Two weeks ago today, the Star Tribune reported on the newly published research by the University of Minnesota’s Dr. David Tilman in the journal Science. The full article requires a subscription, but the summary can be read here.
The research has found that an acre of perennial prairie grassland and forbs supplies more energy per acre than grain ethanol or soybean biodiesel can produce. Interestingly, highly diverse prairie communities produced 238% greater bioenergy yields than monocultural plantings after a decade. In addition to the energy benefits, the prairie system is a net carbon sink, reduces ammount of agrichemical pollution compared to corn, and provides obvious habitat and biodeiversity benefits.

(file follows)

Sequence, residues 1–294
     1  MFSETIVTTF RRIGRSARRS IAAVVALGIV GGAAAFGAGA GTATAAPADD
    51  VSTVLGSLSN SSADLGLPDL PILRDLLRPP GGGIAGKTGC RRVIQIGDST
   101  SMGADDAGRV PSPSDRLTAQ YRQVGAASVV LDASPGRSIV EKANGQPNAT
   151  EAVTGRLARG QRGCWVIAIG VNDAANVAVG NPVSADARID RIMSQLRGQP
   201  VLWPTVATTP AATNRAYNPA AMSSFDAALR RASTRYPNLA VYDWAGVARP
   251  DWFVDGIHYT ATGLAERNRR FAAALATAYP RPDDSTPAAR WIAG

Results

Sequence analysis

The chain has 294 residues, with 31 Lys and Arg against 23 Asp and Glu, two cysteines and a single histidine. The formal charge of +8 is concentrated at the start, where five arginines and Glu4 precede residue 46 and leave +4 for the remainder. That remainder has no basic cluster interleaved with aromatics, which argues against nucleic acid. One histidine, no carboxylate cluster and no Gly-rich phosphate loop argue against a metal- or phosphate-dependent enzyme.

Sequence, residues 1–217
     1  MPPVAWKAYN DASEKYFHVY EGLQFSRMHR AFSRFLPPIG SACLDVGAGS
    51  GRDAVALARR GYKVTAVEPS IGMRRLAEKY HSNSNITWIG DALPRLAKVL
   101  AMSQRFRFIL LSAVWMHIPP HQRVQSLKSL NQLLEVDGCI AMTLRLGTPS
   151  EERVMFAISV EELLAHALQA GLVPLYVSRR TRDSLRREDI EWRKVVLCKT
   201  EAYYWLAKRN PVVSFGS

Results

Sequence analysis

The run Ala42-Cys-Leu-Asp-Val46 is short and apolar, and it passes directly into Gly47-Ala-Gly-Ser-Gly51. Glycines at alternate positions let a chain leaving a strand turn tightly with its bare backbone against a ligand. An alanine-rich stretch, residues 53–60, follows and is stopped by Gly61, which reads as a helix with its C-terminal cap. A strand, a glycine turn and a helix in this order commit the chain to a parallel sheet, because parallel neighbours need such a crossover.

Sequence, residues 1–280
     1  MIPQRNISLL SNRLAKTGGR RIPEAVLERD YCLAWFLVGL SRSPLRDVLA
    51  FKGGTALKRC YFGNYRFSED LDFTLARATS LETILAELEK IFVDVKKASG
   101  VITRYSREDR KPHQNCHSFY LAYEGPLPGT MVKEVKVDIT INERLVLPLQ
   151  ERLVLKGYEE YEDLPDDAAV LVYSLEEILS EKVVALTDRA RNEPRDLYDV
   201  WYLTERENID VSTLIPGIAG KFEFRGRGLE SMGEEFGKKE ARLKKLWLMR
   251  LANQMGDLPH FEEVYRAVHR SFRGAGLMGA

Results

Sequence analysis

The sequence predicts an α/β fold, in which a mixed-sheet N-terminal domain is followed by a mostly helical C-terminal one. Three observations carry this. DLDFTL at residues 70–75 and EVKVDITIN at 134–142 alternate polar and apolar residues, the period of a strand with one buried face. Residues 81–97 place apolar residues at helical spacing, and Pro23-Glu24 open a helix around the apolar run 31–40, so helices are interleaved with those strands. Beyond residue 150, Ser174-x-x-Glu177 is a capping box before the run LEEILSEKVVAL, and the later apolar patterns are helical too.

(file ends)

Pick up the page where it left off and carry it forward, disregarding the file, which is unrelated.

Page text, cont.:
Much of Dr. Tilman’s work has been conducted at the Cedar Creek Natural History Area in East Bethel, MN. There are several high diversity native plant communities at Cedar Creek and it may interest members of the Society that tours are offered throughout the growing season by the staff. For those of us who don’t want to wait until spring for a tour of the flora, there is also on on-line guide to the Plants of Cedar Creek.